Because then, you pick up the fork with your left hand. You stab the meat. You slice it with your...


Molly Wizenberg:

You know what, Matthew?


Matthew Amster-Burton:

Yeah?


Molly Wizenberg:

I'm now realizing that the way I do it as an adult where I put everything on top of the napkin on the left side of the plate is not how I was taught as a kid. As a kid-


Matthew Amster-Burton:

Interesting.


Molly Wizenberg:

... yeah, we only did the fork on top of the napkin, and then the knife face the plate on the right side.


Matthew Amster-Burton:

I think I was taught to put everything on the napkin, but I'm not sure.


Molly Wizenberg:

Well, anyway, I think Ash puts the whole shebang on the right side of the plate and I've never said anything to them about it and I don't think they've ever noticed that I come along and move the entire thing to the left before we sit down.


Matthew Amster-Burton:

Well, I guess they're going to find out, if they listen to this show.


Molly Wizenberg:

Yeah. It's weird these things that you have to decide. I mean, there's so many things in partnership that you have to decide how much you care-


Matthew Amster-Burton:

Oh, of course.


Molly Wizenberg:

... whether you're going to deal with it. [crosstalk 00:28:23]...


Matthew Amster-Burton:

Let's ask-


Molly Wizenberg:

Yeah.


Matthew Amster-Burton:

... let me ask about your cloth napkin portfolio.


Molly Wizenberg:

Oh, God. Okay.


Matthew Amster-Burton:

Are they all the same, like a set? Or if not, how many different styles would you say you have?


Molly Wizenberg:

Okay. Can I tell you about my cloth napkins? Because all of them...


Matthew Amster-Burton:

I literally just asked, so yes.


Molly Wizenberg:

Okay. So here's the deal, we have a kind of mustard color, wide, low enamel bowl. One of those Dansk or Copco bowls from the '70s that we keep all the napkins folded in. And we have accumulated these napkins over the years. I think that the first cloth napkins I ever owned were given to me and Brandon when we were engaged, and they were at that point already vintage. They were vintage linen...


Matthew Amster-Burton:

Oh. Here, take my old napkins.


Molly Wizenberg:

Yes, they were vintage linen napkins. And I still have them, okay? It has been 14, almost 15 years since we were engaged. I still...


Matthew Amster-Burton:

Do you think they're old enough that they predate Emily Post telling everyone to use paper napkins?


Molly Wizenberg:

Yeah, they do. No, they don't. They are slowly falling apart, actually. I've notice they're now, just now starting to get sort of holes around the hem. And then we also got some slightly nicer, newer linen napkins as wedding gifts. So initially, we had all these white linen napkins. I should clarify that we also never iron them, so they're always kind of soft and wrinkly, which is I like.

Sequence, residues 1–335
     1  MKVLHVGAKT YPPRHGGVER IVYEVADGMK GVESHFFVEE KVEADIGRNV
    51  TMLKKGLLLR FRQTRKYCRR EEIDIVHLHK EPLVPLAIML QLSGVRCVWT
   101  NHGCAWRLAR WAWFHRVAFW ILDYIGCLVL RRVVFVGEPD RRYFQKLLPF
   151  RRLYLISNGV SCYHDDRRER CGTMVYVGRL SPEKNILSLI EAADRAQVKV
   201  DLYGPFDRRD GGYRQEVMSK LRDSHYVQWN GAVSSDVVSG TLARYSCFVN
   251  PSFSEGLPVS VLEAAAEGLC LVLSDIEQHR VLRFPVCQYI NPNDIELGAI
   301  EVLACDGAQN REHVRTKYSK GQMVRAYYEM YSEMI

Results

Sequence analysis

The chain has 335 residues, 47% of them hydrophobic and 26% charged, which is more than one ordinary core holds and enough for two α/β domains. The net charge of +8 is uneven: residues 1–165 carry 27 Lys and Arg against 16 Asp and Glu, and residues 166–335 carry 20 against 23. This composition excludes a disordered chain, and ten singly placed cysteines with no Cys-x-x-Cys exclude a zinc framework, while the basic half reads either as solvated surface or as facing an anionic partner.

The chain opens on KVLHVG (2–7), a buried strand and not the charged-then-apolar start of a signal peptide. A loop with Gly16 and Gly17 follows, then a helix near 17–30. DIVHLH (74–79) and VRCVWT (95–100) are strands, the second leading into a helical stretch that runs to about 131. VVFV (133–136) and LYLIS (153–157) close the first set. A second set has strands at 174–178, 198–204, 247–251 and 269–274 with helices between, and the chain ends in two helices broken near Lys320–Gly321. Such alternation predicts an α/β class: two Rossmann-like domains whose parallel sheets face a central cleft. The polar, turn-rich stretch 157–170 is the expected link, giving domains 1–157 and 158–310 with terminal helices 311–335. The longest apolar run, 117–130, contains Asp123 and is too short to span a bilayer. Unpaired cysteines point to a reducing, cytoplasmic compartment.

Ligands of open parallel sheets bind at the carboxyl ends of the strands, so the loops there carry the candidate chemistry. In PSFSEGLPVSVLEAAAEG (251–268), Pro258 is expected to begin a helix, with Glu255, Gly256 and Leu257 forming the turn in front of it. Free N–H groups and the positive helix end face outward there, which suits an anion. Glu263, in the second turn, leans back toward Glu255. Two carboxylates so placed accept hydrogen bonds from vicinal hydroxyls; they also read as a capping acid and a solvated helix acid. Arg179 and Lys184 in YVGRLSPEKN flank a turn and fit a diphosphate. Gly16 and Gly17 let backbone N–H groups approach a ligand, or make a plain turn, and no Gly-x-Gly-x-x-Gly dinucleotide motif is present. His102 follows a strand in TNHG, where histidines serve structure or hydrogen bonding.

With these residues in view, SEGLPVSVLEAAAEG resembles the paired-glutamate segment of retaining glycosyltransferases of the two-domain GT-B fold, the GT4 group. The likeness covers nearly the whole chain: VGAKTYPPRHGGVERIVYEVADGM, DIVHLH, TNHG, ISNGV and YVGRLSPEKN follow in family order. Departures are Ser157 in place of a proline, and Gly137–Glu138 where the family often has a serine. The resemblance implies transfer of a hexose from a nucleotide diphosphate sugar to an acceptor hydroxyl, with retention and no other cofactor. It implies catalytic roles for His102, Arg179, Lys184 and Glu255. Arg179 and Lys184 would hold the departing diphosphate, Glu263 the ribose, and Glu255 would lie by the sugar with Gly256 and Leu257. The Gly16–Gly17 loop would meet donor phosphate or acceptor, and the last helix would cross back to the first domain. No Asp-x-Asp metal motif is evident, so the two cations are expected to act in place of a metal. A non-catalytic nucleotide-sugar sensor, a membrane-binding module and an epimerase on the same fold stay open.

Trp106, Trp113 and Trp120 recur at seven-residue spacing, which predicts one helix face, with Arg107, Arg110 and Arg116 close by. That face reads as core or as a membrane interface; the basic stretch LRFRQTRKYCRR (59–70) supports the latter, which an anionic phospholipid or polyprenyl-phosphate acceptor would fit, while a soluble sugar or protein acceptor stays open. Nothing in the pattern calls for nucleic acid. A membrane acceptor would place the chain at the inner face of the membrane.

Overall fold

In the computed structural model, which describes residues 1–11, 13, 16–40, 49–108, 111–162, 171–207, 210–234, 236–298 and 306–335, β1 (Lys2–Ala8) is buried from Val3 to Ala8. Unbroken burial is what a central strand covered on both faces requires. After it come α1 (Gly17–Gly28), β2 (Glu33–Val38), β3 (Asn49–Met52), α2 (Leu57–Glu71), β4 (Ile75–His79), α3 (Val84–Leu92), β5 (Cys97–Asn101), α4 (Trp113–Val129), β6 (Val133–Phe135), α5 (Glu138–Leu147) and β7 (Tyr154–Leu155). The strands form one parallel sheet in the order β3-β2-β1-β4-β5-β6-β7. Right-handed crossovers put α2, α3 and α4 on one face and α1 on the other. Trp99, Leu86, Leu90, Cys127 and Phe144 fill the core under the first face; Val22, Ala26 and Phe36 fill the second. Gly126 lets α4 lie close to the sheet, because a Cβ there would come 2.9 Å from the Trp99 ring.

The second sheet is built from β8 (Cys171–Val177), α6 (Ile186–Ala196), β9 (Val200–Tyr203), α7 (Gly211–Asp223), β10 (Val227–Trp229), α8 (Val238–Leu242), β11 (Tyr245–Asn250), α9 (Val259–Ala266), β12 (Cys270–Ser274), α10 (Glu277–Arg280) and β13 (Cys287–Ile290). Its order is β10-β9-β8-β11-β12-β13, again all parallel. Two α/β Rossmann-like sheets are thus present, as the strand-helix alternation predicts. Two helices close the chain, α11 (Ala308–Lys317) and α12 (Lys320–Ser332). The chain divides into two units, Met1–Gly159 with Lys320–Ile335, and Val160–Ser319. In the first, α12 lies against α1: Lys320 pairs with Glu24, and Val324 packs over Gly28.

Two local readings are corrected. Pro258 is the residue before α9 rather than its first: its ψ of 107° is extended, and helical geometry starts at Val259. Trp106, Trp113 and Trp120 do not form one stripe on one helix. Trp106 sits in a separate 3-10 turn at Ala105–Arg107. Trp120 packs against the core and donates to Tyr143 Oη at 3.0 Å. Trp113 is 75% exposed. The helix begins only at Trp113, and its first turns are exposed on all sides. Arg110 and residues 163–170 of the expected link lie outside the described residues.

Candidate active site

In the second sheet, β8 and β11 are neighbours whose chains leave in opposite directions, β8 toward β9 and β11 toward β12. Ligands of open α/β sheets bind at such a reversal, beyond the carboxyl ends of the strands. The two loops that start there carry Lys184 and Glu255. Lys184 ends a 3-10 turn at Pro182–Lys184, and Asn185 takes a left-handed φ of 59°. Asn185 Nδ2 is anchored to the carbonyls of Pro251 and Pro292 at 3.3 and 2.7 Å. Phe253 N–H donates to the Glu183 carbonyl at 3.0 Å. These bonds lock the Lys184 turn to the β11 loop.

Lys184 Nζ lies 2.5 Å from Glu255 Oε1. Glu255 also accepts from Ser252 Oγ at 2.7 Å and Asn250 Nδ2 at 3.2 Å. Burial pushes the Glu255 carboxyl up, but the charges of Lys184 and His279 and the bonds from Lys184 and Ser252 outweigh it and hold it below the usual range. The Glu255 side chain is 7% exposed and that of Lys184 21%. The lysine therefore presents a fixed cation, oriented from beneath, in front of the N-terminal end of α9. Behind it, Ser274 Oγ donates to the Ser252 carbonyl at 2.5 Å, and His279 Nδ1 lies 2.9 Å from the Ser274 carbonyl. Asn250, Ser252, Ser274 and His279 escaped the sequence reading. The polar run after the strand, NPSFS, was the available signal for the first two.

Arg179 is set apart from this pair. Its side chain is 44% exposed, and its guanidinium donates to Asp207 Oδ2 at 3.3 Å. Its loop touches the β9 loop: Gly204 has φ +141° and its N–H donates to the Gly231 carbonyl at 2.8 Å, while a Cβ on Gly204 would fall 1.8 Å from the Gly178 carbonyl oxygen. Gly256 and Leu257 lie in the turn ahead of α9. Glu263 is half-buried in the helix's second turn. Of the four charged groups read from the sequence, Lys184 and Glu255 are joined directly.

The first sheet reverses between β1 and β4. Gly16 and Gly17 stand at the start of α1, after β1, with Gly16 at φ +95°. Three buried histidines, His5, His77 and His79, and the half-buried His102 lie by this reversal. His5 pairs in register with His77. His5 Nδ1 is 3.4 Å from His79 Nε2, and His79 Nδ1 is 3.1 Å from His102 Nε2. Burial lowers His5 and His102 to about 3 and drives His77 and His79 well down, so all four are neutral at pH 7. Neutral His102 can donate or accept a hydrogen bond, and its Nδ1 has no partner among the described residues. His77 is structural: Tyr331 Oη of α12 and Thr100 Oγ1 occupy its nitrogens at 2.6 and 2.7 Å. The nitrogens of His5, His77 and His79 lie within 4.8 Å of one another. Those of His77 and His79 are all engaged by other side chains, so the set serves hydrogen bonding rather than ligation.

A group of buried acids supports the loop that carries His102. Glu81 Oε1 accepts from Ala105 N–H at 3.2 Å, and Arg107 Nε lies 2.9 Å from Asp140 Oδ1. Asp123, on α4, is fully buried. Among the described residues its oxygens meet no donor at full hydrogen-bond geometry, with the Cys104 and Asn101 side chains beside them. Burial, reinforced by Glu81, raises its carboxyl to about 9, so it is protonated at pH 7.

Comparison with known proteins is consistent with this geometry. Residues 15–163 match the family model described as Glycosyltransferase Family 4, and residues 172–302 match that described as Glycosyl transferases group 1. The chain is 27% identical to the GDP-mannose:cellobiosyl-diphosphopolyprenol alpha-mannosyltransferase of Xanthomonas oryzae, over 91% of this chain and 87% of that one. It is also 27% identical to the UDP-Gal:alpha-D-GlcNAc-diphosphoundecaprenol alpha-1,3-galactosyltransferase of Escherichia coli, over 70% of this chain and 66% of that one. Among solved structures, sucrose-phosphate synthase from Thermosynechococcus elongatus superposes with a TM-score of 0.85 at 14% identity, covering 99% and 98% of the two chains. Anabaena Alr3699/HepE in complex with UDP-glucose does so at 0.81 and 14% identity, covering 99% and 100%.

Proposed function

Matthew Amster-Burton:

Yeah, it sounds nice.


Molly Wizenberg:

Then, when I started learning how to sew a handful of years ago, one of the first projects that I'd made were napkins, because it allows you to practice sewing a straight line. So...


Matthew Amster-Burton:

Yeah. And also, it's literally just a square so you don't have to do anything.


Molly Wizenberg:

Exactly.


Matthew Amster-Burton:

I don't know anything about sewing, I'm just being mean.


Molly Wizenberg:

No, but we have three different sort of more colorfully patterned cotton napkins that I sewed, and then the rest of our napkins are from a trip that Brandon and I took to Oaxaca, also a handful of years ago, they're cotton napkins with fringe. And then Ash went to Mexico for work, when they were still working in tech, and they brought home a bunch of beautiful woven napkins from Mexico, but we actually discovered in looking at them that they're place mats but we use them as napkins. So, we have all of these in circulation. We definitely have more than one of some of them, but each night, we each get to choose which napkin we're having-


Matthew Amster-Burton:

Oh, that's so sweet.


Molly Wizenberg:

... if we're starting fresh. Sometimes, we all remember what napkin we had the night before and it didn't get so dirty that we threw it in the laundry and then we have to use that one again. Yeah.


Matthew Amster-Burton:

Okay. That's going to be good segue into the thing that I want to ask next, except I want to talk about my array of cloth napkins. Our family's, it's a profusion, it's a cacophony. I would say we have 17 different patterns, at least.


Molly Wizenberg:

Wait. Will you talk about how you guys decided to go from paper to cloth during the pandemic?


Matthew Amster-Burton:

Oh, that's right. I teased that earlier and I forgot. [crosstalk 00:31:32].


Molly Wizenberg:

Yeah. No, I want to know.


Matthew Amster-Burton:

Laurie started setting the table with cloth napkins. I was like, okay, I guess we're doing this now.


Molly Wizenberg:

So you had cloth napkins, you just weren't using them?


Matthew Amster-Burton:

Exactly, yes.


Molly Wizenberg:

That seems very un-Marie Kondo of you.


Matthew Amster-Burton:

Oh, no. We have a lot of bullshit around here. Remember when you used to have company over?


Molly Wizenberg:

Yes, oh my God. Yes, I remember that. Wait, you would use cloth napkins?


Matthew Amster-Burton:

I think we would use cloth napkins when we had company over.